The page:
Frans Adelaar has won two trophies in his nine games in charge of Žilina. However, most of the important work on the team was not done by him, but by his predecessor Ľuboš Nosický and the club’s backroom staff. Adelaar’s disqualification leaves us with two outstanding candidates. The first is Trnava’s Czech coach, Pavel Hoftych. He took over the reins last summer, in the midst of a boycott by fans, but led his side to the final Europa League qualification round and to a second-placed finish in the league. He has instilled discipline and spirit in his players, and talks a lot of good sense. Points against him are that his tactics sometimes seem over-cautious and that he appears distrustful of players with flair. There is also a sense that Karhan’s on-field presence has been as much of a factor in Trnava’s season as the coach.

So the best coach is Adrián Guľa of Trenčín. Leading a newly-promoted side to fifth place in the league is a decent achievement in itself. Even more impressively, Guľa has overseen some of the most skillful, exciting football played in Slovakia this season. His team have benefitted from their own artificial pitch but their away record, which was fairly abject in the autumn, has improved dramatically this spring, to the extent that they have earned 2-2 draws at Žilina, Trnava and Slovan. Like Hoftych, Guľa is calm and level-headed. He is clearly a keen student of the game and will doubtless come to the attention of bigger clubs before much longer.

Best Fans

There is no contest in this category and one statistic should tell you why. A total of 7,509 people watched last Sunday’s six Corgoň Liga matches. Over 3,000 of them were Trnava fans who’d travelled to see their team play at Nitra. Here are more reasons ; 2,000 or so Trnava fans came to Žilina for a Friday night game in April. Not only did they create as good a footballing atmosphere as you’ll ever get in Slovakia, their conduct was later commended in a letter from Žilina officials to their visiting counterparts. Perhaps we are seeing now what a well-organised boycott can lead to. Last spring, Trnava followers stayed away from their club in protest at the way it was being run. Now, things are being done properly in the boardroom and the support from the stands is excellent. Such togetherness is yet another reason Trnava have had such a fine campaign on the field. It would be good for Slovak football as a whole if this continued next season.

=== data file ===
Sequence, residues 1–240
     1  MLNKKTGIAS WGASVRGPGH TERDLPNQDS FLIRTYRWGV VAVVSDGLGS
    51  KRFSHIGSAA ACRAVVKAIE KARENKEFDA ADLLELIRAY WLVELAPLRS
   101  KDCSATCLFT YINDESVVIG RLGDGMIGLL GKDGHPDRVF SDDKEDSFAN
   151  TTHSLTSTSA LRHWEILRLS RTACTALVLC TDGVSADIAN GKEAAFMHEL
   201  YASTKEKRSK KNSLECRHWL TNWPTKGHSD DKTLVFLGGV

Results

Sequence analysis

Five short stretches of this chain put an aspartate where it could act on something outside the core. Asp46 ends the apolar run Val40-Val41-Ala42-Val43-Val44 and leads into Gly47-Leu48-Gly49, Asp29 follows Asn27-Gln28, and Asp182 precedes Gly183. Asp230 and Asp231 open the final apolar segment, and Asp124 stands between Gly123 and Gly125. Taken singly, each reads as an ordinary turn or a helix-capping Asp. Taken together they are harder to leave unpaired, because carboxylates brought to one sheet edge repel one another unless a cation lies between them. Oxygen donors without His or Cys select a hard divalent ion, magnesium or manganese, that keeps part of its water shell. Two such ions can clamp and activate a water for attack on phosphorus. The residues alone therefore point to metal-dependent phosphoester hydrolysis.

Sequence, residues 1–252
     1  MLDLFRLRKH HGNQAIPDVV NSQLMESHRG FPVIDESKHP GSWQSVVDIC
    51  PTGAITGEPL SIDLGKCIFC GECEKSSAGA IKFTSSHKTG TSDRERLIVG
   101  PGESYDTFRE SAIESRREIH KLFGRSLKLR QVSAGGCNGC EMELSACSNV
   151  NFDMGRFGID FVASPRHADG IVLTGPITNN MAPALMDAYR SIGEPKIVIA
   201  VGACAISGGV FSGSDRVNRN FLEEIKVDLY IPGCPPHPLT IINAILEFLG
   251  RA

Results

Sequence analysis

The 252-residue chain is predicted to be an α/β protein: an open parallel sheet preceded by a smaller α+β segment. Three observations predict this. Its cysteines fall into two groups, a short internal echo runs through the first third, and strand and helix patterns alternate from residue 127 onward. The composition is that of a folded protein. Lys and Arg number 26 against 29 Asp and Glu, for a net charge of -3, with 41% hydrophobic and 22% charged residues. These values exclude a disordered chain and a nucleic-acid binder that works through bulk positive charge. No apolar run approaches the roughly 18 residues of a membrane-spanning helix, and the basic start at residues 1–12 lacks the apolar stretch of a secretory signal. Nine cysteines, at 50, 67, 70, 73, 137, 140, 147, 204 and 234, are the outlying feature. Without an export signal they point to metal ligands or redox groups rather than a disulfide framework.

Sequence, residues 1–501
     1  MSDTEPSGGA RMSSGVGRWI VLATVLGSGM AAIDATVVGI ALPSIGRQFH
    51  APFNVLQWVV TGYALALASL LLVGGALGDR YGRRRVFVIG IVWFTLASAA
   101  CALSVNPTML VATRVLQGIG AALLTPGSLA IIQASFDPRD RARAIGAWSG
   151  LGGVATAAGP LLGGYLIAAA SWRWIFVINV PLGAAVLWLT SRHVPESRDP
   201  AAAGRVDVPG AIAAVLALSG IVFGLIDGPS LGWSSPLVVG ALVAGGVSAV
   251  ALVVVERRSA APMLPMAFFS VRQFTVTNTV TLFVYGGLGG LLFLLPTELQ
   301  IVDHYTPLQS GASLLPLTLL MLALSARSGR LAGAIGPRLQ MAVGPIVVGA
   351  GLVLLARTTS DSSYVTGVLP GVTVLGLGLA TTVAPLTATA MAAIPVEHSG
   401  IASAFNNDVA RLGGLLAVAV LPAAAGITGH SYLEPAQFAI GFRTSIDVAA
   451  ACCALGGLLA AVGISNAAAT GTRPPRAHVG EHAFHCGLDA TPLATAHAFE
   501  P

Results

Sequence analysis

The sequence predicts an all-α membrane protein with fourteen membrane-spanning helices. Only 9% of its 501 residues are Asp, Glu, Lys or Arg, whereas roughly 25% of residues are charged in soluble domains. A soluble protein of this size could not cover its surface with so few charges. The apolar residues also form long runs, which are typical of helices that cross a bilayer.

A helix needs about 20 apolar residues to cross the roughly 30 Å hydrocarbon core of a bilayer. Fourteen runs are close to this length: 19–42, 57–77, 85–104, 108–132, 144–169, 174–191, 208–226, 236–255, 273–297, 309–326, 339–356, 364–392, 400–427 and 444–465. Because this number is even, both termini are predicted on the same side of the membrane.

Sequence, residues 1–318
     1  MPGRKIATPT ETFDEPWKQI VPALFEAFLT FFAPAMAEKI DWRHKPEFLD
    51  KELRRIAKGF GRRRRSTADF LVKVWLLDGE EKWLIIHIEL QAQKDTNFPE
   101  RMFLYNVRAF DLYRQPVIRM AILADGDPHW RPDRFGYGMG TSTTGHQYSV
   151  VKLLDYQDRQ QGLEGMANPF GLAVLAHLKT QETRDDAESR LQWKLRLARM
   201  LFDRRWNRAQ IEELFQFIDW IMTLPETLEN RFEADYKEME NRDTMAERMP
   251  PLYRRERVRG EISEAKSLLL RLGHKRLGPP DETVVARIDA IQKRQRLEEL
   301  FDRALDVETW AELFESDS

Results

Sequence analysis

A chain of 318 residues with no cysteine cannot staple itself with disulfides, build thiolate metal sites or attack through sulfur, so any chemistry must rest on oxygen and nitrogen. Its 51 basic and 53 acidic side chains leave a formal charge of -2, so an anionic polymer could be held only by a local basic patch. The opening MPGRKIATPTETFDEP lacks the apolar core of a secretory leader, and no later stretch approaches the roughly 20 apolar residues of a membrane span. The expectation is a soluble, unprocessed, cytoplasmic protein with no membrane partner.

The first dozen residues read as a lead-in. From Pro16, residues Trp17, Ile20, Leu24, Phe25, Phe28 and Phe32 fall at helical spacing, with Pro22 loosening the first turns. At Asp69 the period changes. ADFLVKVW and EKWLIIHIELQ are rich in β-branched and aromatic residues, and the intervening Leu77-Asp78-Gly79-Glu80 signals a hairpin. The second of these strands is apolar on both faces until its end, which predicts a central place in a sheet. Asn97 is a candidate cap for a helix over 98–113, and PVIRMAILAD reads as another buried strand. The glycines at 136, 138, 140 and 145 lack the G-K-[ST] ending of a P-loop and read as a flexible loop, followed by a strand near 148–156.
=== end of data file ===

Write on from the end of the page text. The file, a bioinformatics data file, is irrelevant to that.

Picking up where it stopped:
Best Moment
It might not have happened in the Corgoň Liga, but it featured a member club and was almost certainly the moment which gained more international attention for Slovak football this season than any other. It is Peter Štepanovský’s 82nd minute goal, which earned Slovan a 1-1 draw (and 2-1 aggregate win) away to AS Roma in the final Europa League qualifying round last August. Like a lot of great moments, its significance has proved, in time, to be rather transitory. Slovan’s resulting group stage campaign brought credit, but no further glory. They have been third-best in their domestic league over the season, to the great displeasure of their supporters. Coach Vladimír Weiss has seen his own star fade in the months following the Rome game. Karim Guédé, a talismanic player, left the club over the winter. So, indeed, did Štepanovský himself. Yet his goal ensured victory over one of European football’s greatest names. As such, it deserves to be remembered. Hopefully, there’ll be more moments like it in 2012/2013.